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If you have read the part of the Linux kernel series that discusses system calls, then you are probably wondering a lot about file descriptors. In short terms, a file descriptor is some special indicator (in the form of an integer) used to access files. The descriptors are stored on an array that contains the file descriptor and various information about the file. The file descriptor may not point to a file, but it may point to a socket, pipe, directory, device, etc. Remember, in Linux, everything is a file. We will take a moment to try to thoroughly understand file descriptors.

Only the kernel can access the file descriptor table or index (which ever you prefer to call it). The file descriptor index keeps track of a file's location (i.e. /some/path), the process/user accessing the file, the processes PID, the file's type (i.e. pipe, directory, regular file, etc.), and some other information.

Many kernel calls usually access files using a file descriptor, just like processes are referred to by their PIDs and other IDs. Closed files do not have file descriptors just like how processes are only given a PID when they are open/executing. Files cannot get a file descriptor until they are opened/accessed.

The "lsof" command LiSts Open Files by checking the list of file descriptors. Users can use lsof to view the file descriptor index. Users can also see what files particular processes have open. Users can also see the file descriptors processes have open via /proc/. In a process's proc folder (like /proc/2010/), users can see the file descriptors that the process is using by looking in the "fd" folder. For instance, to see the file descriptors that are being used by process 2010, type "ls /proc/2010/fd/".


If you run "ls /proc/PID/fd/" for multiple "PIDs", you may notice that file descriptors "0", "1", and "2" are under most or all PID folders. "0" is standard in (stdin), "1" is standard out (stout), and "2" is standard error (stderr).


Processes can share file descriptors. For instance, a process may need to share a file descriptor with another process. Also, when a process is forked, the child process has the same file descriptors as the parent process.


There is a limit to the number of system-wide file descriptors that can be active at any given moment. This limit can be seen by running this command - "cat /proc/sys/fs/file-max". Every system and distro is different. To see the hard limit that is allowed for the average single user/process, execute this command - "ulimit -Hn". The soft limit can be viewed with a similar command - "ulimit -Sn". The soft limit is a limit they may be exceeded for a limited amount of time when needed. The hard limit is a limit that may not be exceeded or bent in any way. In other words, the hard limit must be obeyed with no exceptions. The system-wide file descriptor limit can be changed via this command - "sysctl -w fs.file-max=#", where "#" is the desired number. Then, using the same number, add this line to /etc/sysctl.conf - "fs.file-max = #". Reboot the system to apply the changes or run "sysctl -p" if you prefer not to reboot. Obviously, making such changes must be performed as Root. To change the hard and soft limits of a particular user, add or edit these lines in the /etc/security/limits.conf file -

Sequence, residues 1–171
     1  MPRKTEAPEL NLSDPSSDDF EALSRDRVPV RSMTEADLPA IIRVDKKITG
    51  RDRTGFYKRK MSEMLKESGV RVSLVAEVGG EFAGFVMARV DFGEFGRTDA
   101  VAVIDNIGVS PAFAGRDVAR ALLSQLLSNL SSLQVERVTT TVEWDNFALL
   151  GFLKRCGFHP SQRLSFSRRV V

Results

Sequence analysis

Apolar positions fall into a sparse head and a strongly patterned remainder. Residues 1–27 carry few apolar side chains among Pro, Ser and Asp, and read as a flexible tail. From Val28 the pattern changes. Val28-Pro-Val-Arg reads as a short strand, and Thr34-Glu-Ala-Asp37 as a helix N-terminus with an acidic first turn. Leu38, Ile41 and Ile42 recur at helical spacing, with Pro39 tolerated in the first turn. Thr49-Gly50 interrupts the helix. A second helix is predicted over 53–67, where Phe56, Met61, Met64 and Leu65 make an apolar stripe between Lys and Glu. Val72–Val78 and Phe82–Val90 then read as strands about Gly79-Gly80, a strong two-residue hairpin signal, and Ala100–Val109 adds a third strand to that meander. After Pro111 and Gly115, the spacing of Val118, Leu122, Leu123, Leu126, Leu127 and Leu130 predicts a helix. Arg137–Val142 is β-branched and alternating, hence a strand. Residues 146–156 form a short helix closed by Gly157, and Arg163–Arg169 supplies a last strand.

USER soft nofile ##
USER hard nofile ##

Where "USER" is the name of a user or process and "##" is a number. Again, perform this action as Root.


NOTE: Running "sysctl fs.file-max" will produce the same output as "cat /proc/sys/fs/file-max".

The soft limit can be temporarily increased in the shell that executes this command - "ulimit -n ###".

To see how many file descriptors are open on your system, type "lsof | wc -l". To see how many file descriptors are currently being actively used, look at the first number of this output - "cat /proc/sys/fs/file-nr".

If you are a programmer, then you may be familiar with the open(), close(), read(), and write() commands which are commonly used in C/C++, Python, and other languages. These commands interact with the file descriptors. open() and close() open and close a file descriptor, respectively. Without running these two commands the file descriptor is never made or left open, again respectively.

Hopefully, this article has helped readers to understand that file descriptors are basically PIDs for files. This knowledge should help make system calls easier to understand.

NOTE TO READERS: If any of you have or think you have missed an article of the Linux kernel series or Linux+ series, then I recommend you see the article index (with links) here -


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